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Lead Your Team Leadership

Quiz: Is Your Mentorship Program Working?

Quiz: Is Your Mentorship Program Working?
Credit: racorn/Shutterstock

It's clear that mentoring is a great way to pay it back while furthering your own career. In fact, many experts find themselves in such high demand that they turn mentoring into a full-time business by starting their own mentoring program.

If you decide to take this route, you'll want to provide the best service for your mentees. But how do you know your mentorship program is working? Ask yourself these questions to find out.

When you sit down with a mentee, the first thing you should do is set goals based on their individual desires and determine whether you can help them achieve them.

"All good mentorship programs should have goals," said Antonio Johnson, vice president of client success at Power Digital Marketing. "If running a meeting A-Z is the goal for a mentorship program, then we should see the mentee eventually take on said task. If the goal is to become more technically proficient with a tool, then tasks should be created that vet the knowledge of said tool."

If you answered no: Ensure the goals you're setting are realistic yet challenging. Set milestones to test and meet them at a comfortable pace, Johnson recommended. Jumping in and expecting too much too soon will only lead to perceived failure and loss of confidence.

The point of mentorship is to help individuals become better versions of themselves. This cannot happen without self-confidence.

"A clear indicator of a successful mentorship program is seeing the confidence of participants, both mentors and mentees, realize an improvement," said Johnson. "In my eyes, the role of a mentor is to push a mentee outside of their comfort zone to achieve things they may not have thought they could achieve."

If you answered no: Make sure you're providing constructive criticism rather than disparagement, and be aware of how sensitive each mentee is in certain situations. Every session, find a way to build them up, even when offering critiques.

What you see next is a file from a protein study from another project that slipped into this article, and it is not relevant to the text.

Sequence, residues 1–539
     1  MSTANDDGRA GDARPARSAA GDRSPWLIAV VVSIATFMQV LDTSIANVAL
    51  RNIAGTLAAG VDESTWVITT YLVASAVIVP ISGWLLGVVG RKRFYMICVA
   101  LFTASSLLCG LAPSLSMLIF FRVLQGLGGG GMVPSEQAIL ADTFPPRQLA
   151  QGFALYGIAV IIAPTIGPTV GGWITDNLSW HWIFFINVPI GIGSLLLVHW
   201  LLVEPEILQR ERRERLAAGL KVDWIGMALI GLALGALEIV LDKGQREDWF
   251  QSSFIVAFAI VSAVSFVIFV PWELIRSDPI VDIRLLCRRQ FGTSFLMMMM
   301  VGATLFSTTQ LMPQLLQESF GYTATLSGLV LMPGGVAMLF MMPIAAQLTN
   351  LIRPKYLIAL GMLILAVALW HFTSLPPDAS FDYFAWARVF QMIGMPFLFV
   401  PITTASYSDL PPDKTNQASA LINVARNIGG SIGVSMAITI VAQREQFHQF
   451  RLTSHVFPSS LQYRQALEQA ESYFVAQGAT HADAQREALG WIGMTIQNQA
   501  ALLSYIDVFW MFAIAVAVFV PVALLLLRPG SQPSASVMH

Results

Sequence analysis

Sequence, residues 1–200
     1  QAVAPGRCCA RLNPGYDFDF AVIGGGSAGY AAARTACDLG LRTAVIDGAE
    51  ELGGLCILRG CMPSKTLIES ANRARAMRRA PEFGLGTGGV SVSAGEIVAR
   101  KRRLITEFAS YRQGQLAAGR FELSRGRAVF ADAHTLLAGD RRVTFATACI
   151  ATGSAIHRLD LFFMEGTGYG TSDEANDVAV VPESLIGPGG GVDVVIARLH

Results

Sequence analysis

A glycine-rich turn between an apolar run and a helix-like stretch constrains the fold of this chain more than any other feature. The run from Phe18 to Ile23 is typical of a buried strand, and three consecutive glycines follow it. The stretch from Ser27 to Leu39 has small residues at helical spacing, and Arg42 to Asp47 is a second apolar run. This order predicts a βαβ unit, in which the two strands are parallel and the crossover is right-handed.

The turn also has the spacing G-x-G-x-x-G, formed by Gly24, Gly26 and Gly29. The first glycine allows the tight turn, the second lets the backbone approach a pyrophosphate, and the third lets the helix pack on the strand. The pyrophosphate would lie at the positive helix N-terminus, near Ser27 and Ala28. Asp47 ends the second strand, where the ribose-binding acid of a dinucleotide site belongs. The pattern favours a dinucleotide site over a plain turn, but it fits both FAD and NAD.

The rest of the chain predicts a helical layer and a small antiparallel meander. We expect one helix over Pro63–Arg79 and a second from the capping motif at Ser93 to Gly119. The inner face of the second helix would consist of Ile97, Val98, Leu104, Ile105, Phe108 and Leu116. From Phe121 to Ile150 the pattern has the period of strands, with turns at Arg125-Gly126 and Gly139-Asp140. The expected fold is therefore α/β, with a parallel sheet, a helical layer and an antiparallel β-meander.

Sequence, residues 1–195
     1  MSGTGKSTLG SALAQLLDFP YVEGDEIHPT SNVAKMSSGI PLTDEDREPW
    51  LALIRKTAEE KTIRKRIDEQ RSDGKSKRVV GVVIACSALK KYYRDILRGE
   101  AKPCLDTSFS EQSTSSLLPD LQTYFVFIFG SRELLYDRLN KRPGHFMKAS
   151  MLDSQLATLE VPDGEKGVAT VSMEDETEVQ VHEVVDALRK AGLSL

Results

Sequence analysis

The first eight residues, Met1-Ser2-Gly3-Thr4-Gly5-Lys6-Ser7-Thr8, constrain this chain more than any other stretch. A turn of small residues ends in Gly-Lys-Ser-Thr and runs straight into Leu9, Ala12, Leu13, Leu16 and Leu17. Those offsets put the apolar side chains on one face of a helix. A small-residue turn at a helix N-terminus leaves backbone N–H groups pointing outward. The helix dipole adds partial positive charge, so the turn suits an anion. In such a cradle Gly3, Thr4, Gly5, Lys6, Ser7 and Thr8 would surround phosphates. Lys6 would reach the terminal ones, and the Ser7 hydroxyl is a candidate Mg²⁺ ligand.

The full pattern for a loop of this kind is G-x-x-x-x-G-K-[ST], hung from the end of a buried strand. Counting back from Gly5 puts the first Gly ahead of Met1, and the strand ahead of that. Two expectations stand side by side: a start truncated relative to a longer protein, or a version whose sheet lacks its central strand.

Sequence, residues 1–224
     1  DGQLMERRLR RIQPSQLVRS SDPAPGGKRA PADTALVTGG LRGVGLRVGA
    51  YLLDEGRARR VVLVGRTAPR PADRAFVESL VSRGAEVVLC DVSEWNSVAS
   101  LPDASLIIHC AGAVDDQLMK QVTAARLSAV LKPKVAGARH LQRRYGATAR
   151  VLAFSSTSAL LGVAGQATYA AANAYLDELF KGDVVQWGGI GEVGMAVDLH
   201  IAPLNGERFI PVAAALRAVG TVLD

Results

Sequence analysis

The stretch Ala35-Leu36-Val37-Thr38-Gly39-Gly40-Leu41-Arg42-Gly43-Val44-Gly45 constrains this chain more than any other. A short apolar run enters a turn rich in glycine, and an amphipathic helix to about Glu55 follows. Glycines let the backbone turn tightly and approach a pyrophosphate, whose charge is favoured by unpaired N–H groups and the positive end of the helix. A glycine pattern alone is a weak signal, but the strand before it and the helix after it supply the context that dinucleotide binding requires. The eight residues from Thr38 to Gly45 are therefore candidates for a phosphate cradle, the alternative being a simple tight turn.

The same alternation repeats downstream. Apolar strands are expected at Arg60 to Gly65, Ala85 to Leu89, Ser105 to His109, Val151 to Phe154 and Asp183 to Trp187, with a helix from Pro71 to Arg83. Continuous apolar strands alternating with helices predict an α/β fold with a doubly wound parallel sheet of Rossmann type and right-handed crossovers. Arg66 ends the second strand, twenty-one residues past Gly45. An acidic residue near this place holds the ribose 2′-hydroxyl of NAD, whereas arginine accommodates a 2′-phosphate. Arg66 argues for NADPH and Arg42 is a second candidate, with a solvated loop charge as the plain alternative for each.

No business is without fault, and leaders should never be too proud to look for ways to improve. If you want your mentorship program to grow and succeed, actively encourage and seek feedback from clients – in this case, your mentees.

"Any training program that an organization creates should be evaluated," said Dr. Sy Islam, assistant professor at Farmingdale State College and human capital consultant for Talent Metrics. "The first sign that your mentorship program may not be working may be verbal feedback … If the mentorship program is too unstructured and enough guidance isn't given to mentors, that may limit the effectiveness of the program."

If you answered no: Islam suggested following up after meetings to ensure mentees are sharing their feedback. Additionally, you can offer anonymous questionnaires to ensure mentees are comfortable voicing their concerns. Be understanding of anything brought to light so as not to dissuade further feedback, and take initiative right away to bridge any gaps.

No mentee should ever feel forgotten in the dark. As a mentor, even with multiple clients, you must check in with each person often, or according to their preference.

"Every successful mentoring program has an established communication process, requiring the mentor and mentee to interact on a regularly scheduled basis," said Paul Glover, principal partner of Paul Glover Coaching. "If both … are consistently keeping this schedule, the mentoring program is functioning properly."

If you answered no: Create a set schedule for your mentoring sessions, calls, meetings, etc. to ensure neither one of you is out of the loop. This can be as simple as a weekly check-in. Make sure your mentees know you are flexible and receptive to any changes. You are, after all, their mentor. In other words, you should be the support they need to achieve their dreams.

Sammi Caramela

Sammi Caramela has always loved words. When she isn't writing for business.com and Business News Daily, she's writing (and furiously editing) her first novel, reading a YA book with a third cup of coffee, or attending local pop-punk concerts. She is also the content manager for Lightning Media Partners. Check out her short stories in "Night Light: Haunted Tales of Terror," which is sold on Amazon.